We use a novel tax mechanism – ‘rejected offer reassessment’ (ROR) – in laboratory experiments to discourage seller holdout and facilitate land assembly. Under this mechanism, if a landowner rejects a developer’s offer, his taxable property value is reassessed to be equal to the rejected offer, increasing his taxes. We find that, relative to a control treatment, ROR discourages the magnitude of seller holdout (but not its frequency) and increases the rate of successful land assembly by almost 60%. It also increases the gains from trade by 22.1% relative to the control treatment, but the difference is not statistically significant.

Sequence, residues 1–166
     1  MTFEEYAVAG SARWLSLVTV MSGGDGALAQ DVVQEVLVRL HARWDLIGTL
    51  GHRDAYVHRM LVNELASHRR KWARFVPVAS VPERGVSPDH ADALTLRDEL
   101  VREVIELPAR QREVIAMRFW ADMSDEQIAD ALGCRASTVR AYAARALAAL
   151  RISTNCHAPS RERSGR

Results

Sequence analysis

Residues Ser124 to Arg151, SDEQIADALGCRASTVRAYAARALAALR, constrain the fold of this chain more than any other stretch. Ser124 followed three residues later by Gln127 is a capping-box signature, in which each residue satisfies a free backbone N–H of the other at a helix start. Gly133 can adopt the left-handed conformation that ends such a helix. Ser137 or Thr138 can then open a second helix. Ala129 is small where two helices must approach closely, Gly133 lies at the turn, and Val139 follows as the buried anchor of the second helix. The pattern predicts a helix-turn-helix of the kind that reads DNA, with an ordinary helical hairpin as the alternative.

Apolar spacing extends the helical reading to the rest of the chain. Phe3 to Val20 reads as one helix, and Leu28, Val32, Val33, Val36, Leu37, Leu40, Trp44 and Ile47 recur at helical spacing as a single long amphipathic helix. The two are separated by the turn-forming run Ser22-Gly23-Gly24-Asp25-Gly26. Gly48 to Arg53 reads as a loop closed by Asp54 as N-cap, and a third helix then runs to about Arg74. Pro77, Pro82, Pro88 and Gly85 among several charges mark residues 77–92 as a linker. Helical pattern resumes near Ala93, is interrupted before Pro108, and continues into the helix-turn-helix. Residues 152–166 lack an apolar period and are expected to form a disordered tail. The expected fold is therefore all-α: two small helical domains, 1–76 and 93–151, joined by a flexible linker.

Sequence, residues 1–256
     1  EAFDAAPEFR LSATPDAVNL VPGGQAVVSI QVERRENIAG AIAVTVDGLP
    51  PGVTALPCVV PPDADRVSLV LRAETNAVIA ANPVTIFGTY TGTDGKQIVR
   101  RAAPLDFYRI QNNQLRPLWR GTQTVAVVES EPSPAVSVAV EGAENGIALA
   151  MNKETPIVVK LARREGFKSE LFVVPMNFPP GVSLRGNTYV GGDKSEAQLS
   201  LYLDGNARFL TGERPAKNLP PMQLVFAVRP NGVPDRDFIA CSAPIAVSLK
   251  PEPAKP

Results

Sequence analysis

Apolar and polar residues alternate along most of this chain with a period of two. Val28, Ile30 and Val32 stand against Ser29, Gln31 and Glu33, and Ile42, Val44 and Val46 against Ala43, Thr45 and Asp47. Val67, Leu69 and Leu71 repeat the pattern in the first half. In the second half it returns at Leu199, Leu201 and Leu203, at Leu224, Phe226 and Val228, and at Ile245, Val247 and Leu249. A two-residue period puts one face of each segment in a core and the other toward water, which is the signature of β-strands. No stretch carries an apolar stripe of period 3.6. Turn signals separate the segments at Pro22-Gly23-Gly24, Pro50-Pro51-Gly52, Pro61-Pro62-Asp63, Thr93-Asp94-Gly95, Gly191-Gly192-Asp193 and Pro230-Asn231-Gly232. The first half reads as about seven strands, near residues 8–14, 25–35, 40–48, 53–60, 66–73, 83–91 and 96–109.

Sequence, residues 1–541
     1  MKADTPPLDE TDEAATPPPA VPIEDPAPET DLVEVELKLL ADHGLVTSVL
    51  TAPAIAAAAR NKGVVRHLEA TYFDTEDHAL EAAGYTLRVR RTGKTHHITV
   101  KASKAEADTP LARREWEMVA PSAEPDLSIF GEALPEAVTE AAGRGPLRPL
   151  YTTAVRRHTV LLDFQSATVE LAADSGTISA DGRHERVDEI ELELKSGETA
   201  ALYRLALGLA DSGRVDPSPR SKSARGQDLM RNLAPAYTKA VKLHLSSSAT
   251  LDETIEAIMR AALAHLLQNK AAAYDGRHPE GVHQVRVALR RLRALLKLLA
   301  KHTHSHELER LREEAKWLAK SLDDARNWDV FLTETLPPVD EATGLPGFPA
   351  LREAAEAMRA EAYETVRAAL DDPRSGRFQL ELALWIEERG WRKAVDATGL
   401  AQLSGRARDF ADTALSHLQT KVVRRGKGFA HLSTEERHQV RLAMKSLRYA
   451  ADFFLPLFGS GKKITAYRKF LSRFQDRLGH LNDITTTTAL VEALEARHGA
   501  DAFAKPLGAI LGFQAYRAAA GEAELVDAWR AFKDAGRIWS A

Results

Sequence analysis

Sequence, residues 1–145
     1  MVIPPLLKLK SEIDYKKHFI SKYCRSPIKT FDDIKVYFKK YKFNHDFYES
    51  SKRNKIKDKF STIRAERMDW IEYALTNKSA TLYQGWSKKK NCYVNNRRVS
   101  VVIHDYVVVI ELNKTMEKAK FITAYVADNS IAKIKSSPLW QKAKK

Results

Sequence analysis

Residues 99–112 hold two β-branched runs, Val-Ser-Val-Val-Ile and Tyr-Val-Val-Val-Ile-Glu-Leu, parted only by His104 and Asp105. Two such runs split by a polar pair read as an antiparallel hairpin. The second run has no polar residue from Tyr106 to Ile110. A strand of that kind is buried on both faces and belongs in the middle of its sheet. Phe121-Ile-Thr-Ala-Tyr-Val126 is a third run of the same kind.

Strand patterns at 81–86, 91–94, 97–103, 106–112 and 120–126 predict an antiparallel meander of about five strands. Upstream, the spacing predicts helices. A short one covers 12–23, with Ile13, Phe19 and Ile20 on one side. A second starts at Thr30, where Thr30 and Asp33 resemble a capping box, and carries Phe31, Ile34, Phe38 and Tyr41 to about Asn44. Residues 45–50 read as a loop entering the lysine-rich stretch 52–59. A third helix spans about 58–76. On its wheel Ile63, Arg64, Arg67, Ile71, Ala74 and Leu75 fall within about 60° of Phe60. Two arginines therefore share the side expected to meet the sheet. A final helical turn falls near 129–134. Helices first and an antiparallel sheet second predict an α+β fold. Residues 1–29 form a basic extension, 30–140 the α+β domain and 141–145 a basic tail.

DeSantis, M., McCarter, M. W., & Winn, A. M. (2018). Land assembly with taxes, not takings. Applied Economics Letters, 26(7), 604-607. doi: 10.1080/13504851.2018.1488047
Taylor & Francis
This is an Accepted Manuscript of an article published in Applied Economics Letters, volume 26, issue 7, in 2018, available online at DOI: 10.1080/13504851.2018.1488047. It may differ slightly from the final version of record.